The Attorney General of the Federation and Minister of Justice, Mr Abubakar Malami (SAN), has said the number of death row inmates in prisons nationwide has reached 1,832, contributing to the congestion in the detention facilities.
Malami, who disclosed this in his report of the activities of the Federal Ministry of Justice for the three years under his watch, said death row inmates who had exhausted their rights of appeal continued to contribute to the overcrowding of the prisons due to governors’ reluctance to sign their death warrants.
He said in the report which he signed in April this year and a copy of which this newspaper holds, that his ministry was preparing a memorandum to be sent to the National Economic Council to seek its intervention.
He stated, “A major challenge presently being faced in efforts to decongest the prisons is the reluctance of state governors to sign death warrants of condemned inmates who have exhausted their appeals, thereby contributing to overcrowding.
“The total number of condemned inmates in various prisons across the country presently stands at 1,832.
“The FMOJ (Federal Ministry of Justice) is presently preparing a memorandum to the National Economic Council to appraise the governors of this issue and seek their cooperation in addressing this challenge.”
Meanwhile, the NEC, presided over by the Vice-President, Yemi Osinbajo, had in February 2017 charged governors to sign death warrants of inmates who had exhausted their rights of appeal in order to address the issues of overcrowding and jailbreaks, among other problems confronting the Nigerian prisons.
Malami noted in his report that the Nigerian prisons, over the years, had been “a source of concern due to overcrowding, under-staffing, lack of adequate medical care, inadequate conditions for female and juvenile detainees, poor administration, long detention of those awaiting trial and limited access to legal representation.”
These problems, the minister said, had “frequently led to poor health conditions and jailbreaks.”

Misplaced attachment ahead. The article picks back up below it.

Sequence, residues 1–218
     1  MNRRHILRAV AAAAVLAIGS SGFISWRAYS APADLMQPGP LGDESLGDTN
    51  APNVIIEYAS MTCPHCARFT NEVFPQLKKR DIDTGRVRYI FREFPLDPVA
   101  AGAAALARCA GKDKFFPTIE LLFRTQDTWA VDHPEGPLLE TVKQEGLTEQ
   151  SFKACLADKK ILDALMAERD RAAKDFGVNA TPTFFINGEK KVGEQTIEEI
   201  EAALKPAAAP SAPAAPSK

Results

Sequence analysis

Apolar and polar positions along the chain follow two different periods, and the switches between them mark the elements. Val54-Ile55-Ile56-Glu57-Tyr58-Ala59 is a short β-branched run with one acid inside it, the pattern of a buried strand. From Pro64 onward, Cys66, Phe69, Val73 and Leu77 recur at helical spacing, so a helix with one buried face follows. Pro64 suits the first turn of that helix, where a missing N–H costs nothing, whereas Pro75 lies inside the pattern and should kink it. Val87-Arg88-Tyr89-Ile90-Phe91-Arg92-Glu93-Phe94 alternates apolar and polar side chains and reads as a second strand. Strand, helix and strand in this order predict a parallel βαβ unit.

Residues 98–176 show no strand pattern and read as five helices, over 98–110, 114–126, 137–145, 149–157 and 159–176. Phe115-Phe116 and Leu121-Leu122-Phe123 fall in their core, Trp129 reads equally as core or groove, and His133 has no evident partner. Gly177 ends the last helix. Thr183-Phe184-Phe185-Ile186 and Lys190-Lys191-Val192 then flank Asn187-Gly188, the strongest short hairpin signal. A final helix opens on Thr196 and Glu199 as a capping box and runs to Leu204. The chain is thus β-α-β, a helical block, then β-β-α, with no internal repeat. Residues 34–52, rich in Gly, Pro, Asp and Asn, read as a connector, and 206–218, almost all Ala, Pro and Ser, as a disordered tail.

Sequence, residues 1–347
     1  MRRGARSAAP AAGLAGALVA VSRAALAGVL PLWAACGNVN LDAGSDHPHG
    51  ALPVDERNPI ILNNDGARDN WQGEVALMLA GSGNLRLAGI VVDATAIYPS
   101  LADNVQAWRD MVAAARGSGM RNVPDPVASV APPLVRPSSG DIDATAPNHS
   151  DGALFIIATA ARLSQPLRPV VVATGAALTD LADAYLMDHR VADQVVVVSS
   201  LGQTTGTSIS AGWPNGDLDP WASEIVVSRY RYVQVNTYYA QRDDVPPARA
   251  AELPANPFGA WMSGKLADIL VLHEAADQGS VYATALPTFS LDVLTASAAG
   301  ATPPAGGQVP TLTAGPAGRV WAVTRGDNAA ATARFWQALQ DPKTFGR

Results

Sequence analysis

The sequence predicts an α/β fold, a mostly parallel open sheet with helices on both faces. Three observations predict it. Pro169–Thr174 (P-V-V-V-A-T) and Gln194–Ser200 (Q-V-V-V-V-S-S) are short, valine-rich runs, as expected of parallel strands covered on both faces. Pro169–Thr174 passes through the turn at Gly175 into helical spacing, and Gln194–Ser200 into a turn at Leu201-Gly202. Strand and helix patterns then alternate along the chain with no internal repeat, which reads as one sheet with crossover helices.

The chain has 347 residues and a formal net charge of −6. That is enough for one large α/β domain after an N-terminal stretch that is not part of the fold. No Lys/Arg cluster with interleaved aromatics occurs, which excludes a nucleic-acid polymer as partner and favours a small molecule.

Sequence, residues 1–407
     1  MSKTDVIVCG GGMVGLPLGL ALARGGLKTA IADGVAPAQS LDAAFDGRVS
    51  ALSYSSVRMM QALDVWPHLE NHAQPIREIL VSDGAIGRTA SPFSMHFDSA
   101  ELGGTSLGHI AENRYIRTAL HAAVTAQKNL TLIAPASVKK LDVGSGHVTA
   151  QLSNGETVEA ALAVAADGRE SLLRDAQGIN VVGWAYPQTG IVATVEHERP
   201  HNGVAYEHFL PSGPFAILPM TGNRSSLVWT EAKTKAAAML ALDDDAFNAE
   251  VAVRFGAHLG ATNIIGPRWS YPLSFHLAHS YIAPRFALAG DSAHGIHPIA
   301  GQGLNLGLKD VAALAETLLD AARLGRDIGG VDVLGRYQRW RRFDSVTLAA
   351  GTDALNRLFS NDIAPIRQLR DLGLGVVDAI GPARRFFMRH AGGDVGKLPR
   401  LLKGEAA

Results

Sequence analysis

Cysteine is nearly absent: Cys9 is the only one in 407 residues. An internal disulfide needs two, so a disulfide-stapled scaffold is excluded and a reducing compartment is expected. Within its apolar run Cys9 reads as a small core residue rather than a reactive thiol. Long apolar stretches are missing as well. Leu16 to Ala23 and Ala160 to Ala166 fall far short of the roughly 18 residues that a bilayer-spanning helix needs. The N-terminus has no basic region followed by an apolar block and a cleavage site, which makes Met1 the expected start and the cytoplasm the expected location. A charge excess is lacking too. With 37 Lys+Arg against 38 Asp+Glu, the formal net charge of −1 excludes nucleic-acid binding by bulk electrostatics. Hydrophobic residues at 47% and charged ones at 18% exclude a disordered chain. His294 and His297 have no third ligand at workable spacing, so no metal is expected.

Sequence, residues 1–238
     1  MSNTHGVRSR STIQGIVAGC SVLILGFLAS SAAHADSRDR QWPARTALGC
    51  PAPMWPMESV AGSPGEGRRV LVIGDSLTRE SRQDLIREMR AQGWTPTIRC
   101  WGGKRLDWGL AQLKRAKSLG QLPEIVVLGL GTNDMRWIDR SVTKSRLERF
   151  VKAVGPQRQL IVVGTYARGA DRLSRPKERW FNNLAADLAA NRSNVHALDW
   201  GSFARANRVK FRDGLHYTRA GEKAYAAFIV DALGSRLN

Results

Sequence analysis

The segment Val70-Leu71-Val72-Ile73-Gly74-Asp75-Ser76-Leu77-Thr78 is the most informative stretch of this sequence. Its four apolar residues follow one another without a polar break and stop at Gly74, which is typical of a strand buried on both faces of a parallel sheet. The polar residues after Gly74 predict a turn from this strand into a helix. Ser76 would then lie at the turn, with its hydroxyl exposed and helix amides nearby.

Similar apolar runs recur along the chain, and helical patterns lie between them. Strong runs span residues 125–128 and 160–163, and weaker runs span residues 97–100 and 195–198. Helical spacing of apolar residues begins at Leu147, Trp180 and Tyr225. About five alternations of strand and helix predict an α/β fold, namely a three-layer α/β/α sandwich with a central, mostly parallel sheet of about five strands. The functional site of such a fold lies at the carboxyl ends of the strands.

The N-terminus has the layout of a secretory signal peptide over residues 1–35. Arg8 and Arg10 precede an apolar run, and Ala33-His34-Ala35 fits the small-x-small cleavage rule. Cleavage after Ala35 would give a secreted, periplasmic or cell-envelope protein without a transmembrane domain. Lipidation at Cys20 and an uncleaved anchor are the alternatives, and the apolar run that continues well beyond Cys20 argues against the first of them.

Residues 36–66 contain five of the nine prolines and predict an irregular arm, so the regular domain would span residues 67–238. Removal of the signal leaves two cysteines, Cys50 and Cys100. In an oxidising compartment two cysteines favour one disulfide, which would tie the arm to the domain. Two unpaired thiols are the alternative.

He recalled that the Federal Executive Council had directed his ministry to review the legal regime of the prisons service, establish a case management system nationwide to integrate the existing Prison Information System covering Lagos, Enugu, and Abuja; and undertake sustainable prison decongestion initiatives.
He had constituted a National Stakeholders Committee on Prisons Reforms and Decongestion chaired by the Chief Judge of the High Court of the Federal Capital Territory “to oversee the implementation of the directive.”
He added that ministry’s memo seeking FEC’s approval “for the installation and implementation of an automated case management system for the justice sector is awaiting the council’s consideration.”
Malami added, “The case management system when put in place, will strengthen the operations of the justice sector institutions such as the police, prisons, judiciary, ministries of justice, and other security agencies in the areas of information generation, management and sharing…”
The 50-page report presented by the AGF is titled, ‘A Presentation on Specific Activities for Transforming the Administration of Justice and State Legal Affairs: Three-Year Activity Review of the Federal Ministry of Justice (2015 – 2018)’.
It contains reports from the various departments of the Federal Ministry of Justice.
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